Racers, Plodders, and Strugglers: How Do African Businesses Respond to Unreliable Electricity?

August 20, 2018

While energy advocates have mostly focused on the 600 million people in sub-Saharan Africa that lack access to electricity at home, the region’s power shortages are especially damaging to firms. Companies across the continent suffer from unreliable power supplies, affecting productivity, employment, and growth.

But firms are not all the same. A small metalwork shop will adjust to electricity problems differently from a large brewery. How can we better understand how firms respond to power outages?

In our paper with colleague Manju Kedia Shah, we investigate the impact of an unreliable supply of electricity on firm growth by applying k-means clustering, a novel analytical technique that creates clusters from noisy data. For our data, drawn from a sample of 3,109 African firms, the k-means exercise identified six clusters based on outages, losses, growth, and other factors. These clusters reveal a surprising degree of within-country heterogeneity in the experience of firms. The six groups we found are:

  • Marchers: Large firms with moderate electricity costs, many with their own generators. These firms show a decent rate of growth in employment (8 percent), despite experiencing 25 outage hours per month.

  • Plodders: Firms with a relatively steady supply of power (only 11.4 outage hours per month). These companies, mostly in middle-income countries, lose hardly any sales but grow relatively slowly at 5 percent a year.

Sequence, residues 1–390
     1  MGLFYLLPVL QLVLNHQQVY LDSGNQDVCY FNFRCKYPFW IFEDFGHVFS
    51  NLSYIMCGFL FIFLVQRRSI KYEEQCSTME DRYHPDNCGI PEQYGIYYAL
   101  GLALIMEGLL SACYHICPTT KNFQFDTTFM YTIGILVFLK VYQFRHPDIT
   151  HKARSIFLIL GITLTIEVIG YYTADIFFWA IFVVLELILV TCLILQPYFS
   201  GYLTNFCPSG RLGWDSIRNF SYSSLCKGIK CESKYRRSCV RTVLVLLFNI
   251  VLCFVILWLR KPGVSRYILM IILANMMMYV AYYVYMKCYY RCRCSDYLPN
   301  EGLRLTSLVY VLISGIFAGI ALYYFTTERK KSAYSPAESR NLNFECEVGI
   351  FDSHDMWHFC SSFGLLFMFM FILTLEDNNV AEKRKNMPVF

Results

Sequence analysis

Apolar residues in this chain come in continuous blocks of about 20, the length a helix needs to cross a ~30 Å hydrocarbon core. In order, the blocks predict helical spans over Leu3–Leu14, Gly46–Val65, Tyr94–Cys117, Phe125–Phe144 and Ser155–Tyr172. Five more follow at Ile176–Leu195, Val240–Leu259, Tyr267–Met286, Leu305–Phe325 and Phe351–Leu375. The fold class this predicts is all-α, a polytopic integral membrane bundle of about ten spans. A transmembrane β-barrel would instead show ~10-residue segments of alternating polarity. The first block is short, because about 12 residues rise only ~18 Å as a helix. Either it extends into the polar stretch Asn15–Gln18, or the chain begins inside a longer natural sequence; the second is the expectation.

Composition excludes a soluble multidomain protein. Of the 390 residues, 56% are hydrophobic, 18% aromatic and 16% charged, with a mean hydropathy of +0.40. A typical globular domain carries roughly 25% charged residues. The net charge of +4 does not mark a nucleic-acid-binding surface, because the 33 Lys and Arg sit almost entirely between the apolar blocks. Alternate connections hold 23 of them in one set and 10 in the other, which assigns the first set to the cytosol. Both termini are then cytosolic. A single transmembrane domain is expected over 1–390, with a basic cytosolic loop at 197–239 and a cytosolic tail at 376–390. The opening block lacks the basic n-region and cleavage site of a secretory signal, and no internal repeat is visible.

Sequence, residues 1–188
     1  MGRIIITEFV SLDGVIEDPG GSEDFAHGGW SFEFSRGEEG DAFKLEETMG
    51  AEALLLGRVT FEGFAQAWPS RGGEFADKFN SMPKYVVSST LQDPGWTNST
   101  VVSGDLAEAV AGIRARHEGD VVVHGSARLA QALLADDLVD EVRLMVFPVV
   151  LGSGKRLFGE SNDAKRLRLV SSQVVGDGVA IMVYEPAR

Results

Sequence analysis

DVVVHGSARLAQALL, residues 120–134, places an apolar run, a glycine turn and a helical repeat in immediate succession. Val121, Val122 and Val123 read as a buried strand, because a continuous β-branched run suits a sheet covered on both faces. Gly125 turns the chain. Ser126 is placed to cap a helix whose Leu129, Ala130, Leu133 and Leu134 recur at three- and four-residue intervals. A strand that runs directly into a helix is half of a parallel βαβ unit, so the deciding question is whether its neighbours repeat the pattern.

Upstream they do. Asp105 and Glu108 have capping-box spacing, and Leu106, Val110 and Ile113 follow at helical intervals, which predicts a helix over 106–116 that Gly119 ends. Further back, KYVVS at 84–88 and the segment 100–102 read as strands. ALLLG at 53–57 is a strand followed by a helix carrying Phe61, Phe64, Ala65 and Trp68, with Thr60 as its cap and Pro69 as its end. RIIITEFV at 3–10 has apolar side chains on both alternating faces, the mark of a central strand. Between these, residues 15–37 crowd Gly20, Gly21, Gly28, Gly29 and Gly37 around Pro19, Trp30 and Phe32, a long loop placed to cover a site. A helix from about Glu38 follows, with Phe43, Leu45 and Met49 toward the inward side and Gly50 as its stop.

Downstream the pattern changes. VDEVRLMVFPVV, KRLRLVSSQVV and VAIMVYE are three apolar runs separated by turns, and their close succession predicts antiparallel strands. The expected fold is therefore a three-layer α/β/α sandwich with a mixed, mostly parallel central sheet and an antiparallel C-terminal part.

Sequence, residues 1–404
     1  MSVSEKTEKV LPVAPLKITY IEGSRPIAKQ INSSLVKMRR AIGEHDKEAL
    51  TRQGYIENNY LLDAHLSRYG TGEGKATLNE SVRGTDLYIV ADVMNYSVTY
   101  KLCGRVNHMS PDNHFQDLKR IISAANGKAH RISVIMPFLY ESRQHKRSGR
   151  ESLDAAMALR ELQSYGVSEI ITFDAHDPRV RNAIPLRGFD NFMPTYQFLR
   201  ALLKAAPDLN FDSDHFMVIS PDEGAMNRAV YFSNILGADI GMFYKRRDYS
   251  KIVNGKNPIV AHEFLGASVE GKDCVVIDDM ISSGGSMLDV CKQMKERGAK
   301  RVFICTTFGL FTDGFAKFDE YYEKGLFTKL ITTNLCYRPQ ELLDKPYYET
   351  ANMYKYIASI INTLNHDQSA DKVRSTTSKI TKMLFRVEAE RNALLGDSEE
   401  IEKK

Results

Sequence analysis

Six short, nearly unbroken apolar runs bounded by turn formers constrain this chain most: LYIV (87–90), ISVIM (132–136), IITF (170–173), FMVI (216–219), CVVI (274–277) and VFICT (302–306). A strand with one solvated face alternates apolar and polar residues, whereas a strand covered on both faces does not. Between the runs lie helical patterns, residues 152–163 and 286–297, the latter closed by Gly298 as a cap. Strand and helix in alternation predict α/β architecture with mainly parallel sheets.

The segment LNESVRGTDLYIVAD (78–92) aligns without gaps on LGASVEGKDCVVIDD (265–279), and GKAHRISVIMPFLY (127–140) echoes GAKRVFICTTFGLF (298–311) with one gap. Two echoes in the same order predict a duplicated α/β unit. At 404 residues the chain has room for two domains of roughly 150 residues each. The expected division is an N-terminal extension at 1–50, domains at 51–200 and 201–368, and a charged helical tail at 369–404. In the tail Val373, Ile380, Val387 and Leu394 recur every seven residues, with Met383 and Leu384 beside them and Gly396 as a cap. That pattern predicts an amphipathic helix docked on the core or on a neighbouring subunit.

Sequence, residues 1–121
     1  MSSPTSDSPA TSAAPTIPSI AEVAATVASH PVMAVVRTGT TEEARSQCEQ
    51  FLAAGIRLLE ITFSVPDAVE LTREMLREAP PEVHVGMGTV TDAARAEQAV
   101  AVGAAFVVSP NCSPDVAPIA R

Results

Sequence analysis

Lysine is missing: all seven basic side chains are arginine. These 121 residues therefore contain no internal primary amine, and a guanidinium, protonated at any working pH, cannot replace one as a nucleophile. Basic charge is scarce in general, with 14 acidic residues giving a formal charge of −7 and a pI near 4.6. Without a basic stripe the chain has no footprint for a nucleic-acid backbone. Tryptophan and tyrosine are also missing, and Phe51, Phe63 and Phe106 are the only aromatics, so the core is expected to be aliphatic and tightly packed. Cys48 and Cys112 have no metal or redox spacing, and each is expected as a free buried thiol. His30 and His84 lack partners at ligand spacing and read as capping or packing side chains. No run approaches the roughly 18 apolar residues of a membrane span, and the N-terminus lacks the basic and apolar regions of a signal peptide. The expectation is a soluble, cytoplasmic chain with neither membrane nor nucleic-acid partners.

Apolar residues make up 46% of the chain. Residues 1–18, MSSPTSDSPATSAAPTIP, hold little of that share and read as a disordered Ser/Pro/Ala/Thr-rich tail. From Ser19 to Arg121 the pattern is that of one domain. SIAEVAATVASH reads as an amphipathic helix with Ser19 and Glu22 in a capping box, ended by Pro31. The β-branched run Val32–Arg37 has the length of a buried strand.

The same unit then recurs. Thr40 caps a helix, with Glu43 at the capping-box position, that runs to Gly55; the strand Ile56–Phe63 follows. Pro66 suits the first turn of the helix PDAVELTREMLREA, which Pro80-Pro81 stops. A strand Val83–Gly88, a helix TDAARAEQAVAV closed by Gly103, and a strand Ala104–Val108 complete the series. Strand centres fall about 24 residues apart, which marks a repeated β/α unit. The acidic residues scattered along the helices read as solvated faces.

• Racers: Cluster 3 is the most interesting group. These firms are coping with unreliable power and growing rapidly, roughly doubling in size over just two years. We found 286 firms in this cluster, spread all over the continent. About a quarter of all firms in Chad and Liberia belong to this group, as do about one in six Nigerian firms.

  • Survivors: We found more than 1,000 firms that suffer from unreliable power and grow slowly, only about 3 percent per year. These firms are geographically diverse, but especially prevalent in Niger, Mauritania, Guinea Bissau, Mali, and Zimbabwe.

  • Non-Adaptors: Cluster 5 contains 352 firms that report high outages (52 hours per month) and very high losses (a whopping 31 percent of sales).

  • Strugglers: These hard-hit firms face 218 (!) outage hours/month and are especially common in the Central African Republic, Nigeria, and Chad.

While previous studies have found, on average, a positive relationship between the reliability of power and firm growth, we try to explore this relationship beyond the averages. Some firms cope with an unreliable supply of power pretty well, while many others do not. If we hope to understand how boosting energy supplies can help create some of the 12 million jobs African economies need every year, we have lots more to learn.

Read the paper here.


CGD blog posts reflect the views of the authors, drawing on prior research and experience in their areas of expertise. CGD is a nonpartisan, independent organization and does not take institutional positions.

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